Shootouts can sometimes be like finding a better flavor of ice cream. But with off-road comparisons and bikes from all over the world with very strange and unique differences, at least there is more variety than chocolate, vanilla and strawberry. With one all-new brand into off-road, two all-new bikes and then some very familiar faces, Dirt Rider was chomping at the bit to get this comparison going, so much so we beat the punch to our 2009 Torture Test, throwing the doors wide open for that foray.So we took the new bikes, grouped them together with the unchanged-for-2009 machines and went riding. We rode a lot. Many places and with different faces. Our experiences with the familiar bikes led us to do some specific modifications to allow them to better compete with the newest and latest offerings. Some of the changes, like the suspension valving, were done to complement what we'd be doing with these bikes and in reality could provide an advantage to any off-road 450. Other options like slipper clutches, automatic clutches, steering dampers, exhaust systems, steel clutch baskets, skid plates, oversize rotors and tire changes were in some cases specific to bikes that needed a little push or prod in a particular direction, but are items that could work on any bike and help it, if that modification offered what the rider was looking for.So we were off to the mountains and the deserts, across the valleys and on top of the hills to see if we could crown a new champion in the 2009 450cc off-road wars.BMW G450
What Were They Thinking?
This is one of the most anticipated 450cc enduro bikes, especially if you are a streetbike rider or a former World Enduro champion looking for a new and lucrative ride in 2009. Revolutionary in design, the bike could be considered more nonstandard than the Husaberg. With its crankshaft-mounted clutch, swingarm-pivot-centered countershaft sprocket and underseat gas tank, BMW looked to be reinventing the wheel, or at least trying to turn the wheel on its side. Did we need that?The Facts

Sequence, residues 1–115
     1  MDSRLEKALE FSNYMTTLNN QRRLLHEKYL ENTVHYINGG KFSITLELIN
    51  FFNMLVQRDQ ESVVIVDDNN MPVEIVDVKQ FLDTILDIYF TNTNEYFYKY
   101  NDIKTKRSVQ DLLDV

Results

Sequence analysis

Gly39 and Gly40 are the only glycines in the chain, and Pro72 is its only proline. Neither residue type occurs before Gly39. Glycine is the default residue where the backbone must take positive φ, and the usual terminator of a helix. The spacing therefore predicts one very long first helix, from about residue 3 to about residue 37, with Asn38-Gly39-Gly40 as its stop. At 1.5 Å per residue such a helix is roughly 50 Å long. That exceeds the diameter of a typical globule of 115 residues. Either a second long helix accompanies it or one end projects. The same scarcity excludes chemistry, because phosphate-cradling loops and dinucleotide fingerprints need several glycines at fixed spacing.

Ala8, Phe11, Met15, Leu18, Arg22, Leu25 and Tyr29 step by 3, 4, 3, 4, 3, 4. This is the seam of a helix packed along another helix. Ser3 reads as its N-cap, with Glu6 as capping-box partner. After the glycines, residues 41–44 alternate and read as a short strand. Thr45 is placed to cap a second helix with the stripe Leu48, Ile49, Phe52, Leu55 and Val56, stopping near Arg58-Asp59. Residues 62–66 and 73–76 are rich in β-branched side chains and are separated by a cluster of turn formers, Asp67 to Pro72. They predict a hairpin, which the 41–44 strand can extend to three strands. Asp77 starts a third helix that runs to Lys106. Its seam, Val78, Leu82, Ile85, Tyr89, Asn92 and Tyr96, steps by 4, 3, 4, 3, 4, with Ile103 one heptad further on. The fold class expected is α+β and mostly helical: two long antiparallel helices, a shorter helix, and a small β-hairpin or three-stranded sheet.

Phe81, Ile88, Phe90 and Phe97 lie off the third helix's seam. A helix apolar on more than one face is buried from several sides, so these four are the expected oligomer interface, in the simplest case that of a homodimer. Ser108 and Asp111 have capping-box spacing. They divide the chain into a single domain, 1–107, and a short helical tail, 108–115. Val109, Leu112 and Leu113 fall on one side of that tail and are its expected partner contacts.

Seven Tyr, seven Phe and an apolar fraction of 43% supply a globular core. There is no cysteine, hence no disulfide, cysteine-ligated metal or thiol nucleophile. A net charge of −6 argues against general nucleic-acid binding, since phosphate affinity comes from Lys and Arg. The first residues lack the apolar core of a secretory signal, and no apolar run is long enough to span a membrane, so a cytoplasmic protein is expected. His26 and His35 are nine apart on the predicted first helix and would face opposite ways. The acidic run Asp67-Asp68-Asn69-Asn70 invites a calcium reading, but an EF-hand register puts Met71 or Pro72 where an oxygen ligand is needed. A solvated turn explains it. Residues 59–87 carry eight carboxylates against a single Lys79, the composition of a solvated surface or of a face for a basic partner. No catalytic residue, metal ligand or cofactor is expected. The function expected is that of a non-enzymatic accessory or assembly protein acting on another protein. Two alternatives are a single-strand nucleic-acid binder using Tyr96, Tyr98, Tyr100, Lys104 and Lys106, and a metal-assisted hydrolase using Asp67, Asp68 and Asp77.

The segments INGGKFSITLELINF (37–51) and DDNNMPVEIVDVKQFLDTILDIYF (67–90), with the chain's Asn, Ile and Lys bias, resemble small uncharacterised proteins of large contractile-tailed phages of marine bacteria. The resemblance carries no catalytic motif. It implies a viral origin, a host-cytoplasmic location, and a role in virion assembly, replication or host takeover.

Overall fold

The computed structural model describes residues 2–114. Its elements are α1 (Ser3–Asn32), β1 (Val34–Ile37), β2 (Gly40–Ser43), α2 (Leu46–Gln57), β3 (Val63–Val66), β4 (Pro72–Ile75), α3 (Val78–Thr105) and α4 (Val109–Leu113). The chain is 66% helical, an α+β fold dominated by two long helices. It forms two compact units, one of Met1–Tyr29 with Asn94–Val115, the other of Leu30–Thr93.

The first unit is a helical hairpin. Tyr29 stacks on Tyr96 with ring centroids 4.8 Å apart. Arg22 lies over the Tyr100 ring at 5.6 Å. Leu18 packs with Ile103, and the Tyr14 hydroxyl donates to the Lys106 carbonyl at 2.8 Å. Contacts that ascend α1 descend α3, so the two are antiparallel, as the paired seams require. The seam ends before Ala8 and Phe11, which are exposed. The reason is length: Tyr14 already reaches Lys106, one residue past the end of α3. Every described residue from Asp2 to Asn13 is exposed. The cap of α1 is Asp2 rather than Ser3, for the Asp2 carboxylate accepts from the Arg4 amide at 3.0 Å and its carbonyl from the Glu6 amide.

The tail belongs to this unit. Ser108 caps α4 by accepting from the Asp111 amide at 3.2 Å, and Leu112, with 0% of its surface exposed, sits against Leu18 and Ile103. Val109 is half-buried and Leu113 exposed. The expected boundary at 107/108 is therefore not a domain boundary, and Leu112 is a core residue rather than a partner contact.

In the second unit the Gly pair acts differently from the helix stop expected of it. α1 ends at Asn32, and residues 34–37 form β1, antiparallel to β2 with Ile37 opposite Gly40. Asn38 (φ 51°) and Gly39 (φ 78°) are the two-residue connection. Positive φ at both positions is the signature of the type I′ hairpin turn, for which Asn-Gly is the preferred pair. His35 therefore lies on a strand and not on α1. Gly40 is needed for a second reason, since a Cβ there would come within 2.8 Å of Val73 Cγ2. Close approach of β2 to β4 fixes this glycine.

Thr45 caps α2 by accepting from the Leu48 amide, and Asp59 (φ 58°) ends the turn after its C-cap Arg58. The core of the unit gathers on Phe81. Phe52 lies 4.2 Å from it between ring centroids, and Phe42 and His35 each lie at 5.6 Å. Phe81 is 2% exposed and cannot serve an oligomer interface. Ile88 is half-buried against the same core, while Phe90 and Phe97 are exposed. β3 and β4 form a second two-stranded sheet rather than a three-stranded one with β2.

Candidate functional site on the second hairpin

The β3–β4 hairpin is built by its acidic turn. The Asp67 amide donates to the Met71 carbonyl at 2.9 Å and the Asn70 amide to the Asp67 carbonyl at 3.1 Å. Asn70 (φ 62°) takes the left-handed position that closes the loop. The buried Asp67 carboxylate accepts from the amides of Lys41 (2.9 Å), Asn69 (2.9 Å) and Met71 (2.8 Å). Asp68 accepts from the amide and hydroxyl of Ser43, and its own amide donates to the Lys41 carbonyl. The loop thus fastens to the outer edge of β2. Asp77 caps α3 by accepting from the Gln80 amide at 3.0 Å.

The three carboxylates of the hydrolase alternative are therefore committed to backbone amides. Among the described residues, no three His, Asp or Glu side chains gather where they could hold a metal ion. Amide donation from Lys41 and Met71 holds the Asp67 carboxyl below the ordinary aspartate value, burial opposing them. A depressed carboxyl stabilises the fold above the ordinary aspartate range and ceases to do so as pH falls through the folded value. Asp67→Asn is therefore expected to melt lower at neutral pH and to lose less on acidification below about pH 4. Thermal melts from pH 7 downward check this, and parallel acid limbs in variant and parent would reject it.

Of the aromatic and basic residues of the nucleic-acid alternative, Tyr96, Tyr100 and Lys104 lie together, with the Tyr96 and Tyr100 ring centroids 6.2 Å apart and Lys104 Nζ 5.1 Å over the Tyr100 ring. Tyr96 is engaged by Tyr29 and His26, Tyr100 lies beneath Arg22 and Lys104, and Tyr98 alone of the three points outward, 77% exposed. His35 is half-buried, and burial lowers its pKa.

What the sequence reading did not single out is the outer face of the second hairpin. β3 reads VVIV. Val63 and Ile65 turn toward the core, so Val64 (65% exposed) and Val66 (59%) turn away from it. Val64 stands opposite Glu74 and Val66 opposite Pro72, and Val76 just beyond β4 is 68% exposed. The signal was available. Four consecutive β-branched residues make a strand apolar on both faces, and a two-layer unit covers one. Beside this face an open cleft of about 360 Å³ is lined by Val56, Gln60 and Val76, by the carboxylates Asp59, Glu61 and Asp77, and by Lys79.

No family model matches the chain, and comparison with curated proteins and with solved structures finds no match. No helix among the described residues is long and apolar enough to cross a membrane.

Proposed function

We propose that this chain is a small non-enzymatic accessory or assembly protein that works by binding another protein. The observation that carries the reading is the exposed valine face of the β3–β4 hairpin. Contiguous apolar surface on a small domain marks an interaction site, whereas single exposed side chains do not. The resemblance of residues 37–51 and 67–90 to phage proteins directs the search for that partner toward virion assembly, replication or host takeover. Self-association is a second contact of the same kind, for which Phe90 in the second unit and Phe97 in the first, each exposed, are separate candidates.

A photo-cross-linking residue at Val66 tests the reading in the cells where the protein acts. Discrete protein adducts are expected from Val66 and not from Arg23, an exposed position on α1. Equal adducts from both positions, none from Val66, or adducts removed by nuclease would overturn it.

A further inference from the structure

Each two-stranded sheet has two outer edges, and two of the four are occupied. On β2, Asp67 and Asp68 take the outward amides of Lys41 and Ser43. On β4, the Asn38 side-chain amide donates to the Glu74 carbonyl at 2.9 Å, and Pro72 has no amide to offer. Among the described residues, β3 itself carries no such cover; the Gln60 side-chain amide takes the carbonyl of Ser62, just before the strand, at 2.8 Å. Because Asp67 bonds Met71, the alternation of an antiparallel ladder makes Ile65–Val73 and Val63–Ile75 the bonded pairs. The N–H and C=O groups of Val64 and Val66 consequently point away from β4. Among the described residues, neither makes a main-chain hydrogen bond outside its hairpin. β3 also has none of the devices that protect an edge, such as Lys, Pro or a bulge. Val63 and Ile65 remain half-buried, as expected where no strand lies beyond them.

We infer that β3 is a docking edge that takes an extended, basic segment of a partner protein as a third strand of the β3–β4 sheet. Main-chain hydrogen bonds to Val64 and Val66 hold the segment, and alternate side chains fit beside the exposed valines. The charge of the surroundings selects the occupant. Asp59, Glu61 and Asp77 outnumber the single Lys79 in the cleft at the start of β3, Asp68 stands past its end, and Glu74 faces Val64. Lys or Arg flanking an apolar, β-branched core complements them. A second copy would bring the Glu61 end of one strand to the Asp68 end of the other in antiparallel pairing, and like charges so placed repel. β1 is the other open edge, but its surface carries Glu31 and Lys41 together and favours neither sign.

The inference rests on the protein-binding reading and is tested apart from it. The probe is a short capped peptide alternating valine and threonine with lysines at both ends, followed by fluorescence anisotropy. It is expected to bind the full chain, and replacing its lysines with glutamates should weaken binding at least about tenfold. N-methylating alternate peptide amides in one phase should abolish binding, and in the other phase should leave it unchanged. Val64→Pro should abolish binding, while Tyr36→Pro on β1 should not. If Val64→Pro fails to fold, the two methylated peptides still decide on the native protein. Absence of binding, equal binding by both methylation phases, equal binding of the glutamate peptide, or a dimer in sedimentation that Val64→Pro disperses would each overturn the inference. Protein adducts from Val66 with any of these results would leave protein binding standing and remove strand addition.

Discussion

* The motor makes plenty of power and good power at that, especially with the "racing" ECU setting enabled. It has solid chug right off the bottom and a smooth pull that resists stalling. A little slower revving than most of the others, it finished with a powerful top-end surge. But all that is cursed by running through a gearbox designed to pass street sound tests with gaps wide enough for two shifts. We tried to get sprockets to change this, but none were available in time. Same with the optional "racing" exhaust system, rumored to make the power even better.* The chassis layout is a breath of fresh air to larger and taller riders and it's the thinnest and slimmest bike in the test. A little stretched out for our smaller guys, it also bulged noticeably at the rear sidepanels when getting back in aggressive riding.* The suspension has to be the absolute worst suspension we've ridden in recent history. There is a harshness-especially in the fork-that finally breaks free and then proceeds to blow through the stroke and bottom. The shock is a little better but not much. It was so bad we took it apart to make sure something wasn't broken only to find low-quality tolerances in the fork as well as a shim setting that matched and explained the performance.* The rear fender broke in the cold, then broke again when we were lifting the bike. Then the lower mud flap broke off of it. This with all the heavy street stuff removed! We're still waiting on a replacement. We'd go to a dealer but they don't sell these bikes in California. Parts, two months after the bike's release, are an issue.* So it's street-legal, which is great for access to trails, but you wouldn't want to have to sit your butt on this seat for more than 10 miles (it is a plank). Plus, the bike vibrates as much as any in the test. Stock tires are junk. The rear brake is grabby. The steering is heavy feeling and the fender odd-looking to the rider. How much gas do I have left?The Verdict
We're not sure how BMW screwed the pooch this badly with a bike that seemed to have so much promise. Fixing the suspension, getting some sprockets and hopefully obtaining a new rear fender might make some huge, huge differences, and we are planning to let you know as we're keeping this bike as a Long Haul and trying to fix it. That is, if BMW doesn't come and take it away after reading this!